A charge against a Cape Breton man accused of abducting an Indigenous teenage girl has people wondering — once again — why an Amber Alert wasn’t issued when she first went missing.
Darcy Dwayne Doyle was apprehended early Saturday morning in the Canoe Lake area of Cape Breton after an extensive three-day search for a missing 14-year-old girl.
On Monday, the man allegedly at the centre of the search was in a Sydney courtroom to face a criminal charge of abducting a person under the age of 16.
“He was charged with abducting a child under the age of 16 from the parent,” said Crown Attorney Sheldon Nathanson. “He is now before the court facing a serious charge; it’s an indictable offence.”
Doyle, 47, of Mira Gut, N.S., remains at the Cape Breton Correctional Centre to await a bail hearing on Wednesday.
On the Waycobah First Nation, people are happy, but the chief has a lot of questions for the RCMP.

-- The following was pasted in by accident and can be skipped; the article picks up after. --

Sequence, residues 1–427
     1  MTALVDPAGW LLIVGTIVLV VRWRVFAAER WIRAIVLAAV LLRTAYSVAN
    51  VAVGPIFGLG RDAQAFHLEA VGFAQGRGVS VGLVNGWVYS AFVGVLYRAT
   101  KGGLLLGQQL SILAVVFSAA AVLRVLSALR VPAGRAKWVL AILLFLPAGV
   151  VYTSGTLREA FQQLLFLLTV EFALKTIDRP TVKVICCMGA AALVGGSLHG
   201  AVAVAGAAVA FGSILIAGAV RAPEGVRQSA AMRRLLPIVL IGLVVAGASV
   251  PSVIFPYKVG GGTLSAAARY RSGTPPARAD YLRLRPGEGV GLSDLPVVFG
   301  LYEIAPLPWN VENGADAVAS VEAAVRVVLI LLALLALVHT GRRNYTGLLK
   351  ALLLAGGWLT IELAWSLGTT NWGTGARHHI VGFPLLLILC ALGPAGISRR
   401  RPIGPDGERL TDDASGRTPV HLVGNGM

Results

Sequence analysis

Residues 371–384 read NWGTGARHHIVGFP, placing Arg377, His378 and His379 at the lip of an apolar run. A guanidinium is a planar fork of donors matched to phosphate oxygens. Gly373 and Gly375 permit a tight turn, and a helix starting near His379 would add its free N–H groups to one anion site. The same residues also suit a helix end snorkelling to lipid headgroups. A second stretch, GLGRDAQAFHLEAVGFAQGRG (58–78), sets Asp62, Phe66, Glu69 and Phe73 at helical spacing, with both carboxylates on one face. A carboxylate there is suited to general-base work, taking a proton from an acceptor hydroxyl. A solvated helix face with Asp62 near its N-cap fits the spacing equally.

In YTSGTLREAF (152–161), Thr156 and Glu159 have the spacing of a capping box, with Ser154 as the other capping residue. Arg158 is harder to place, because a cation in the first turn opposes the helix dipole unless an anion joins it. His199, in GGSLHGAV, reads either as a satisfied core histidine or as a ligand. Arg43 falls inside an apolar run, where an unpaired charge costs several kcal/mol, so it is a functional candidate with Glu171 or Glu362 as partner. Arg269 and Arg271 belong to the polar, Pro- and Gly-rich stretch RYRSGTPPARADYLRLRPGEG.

“I’m quite relieved a charge has been laid, but I’m also confused with this abduction charge,” said Chief Rod Googoo. “If he was charged with abduction, then why wasn’t an Amber Alert issued when she went missing?”
At the time, the RCMP said an Amber Alert wasn’t issued because the missing teen didn’t meet the criteria, which included being abducted.
“I’ll be writing a letter to the RCMP with a list of questions I have,” Googoo said. “Hopefully, I’ll get some answers and more clarity about what happened, or what went wrong.”
The RCMP says the investigation into the case is ongoing and more details will be released Tuesday. Meanwhile, the Crown says it is opposing Doyle’s release.
“The Crown will likely be seeking a period of imprisonment should he be convicted,” Nathanson said. “The Crown is not going to be consenting to his release no matter what the bail release plan will be. The Crown is concerned with respect to the continuation of the offence, and that’s the protection of this 14-year-old Indigenous girl.”
Nathanson says he couldn’t comment on whether more charges will be laid, as the investigation is only in the early stages.
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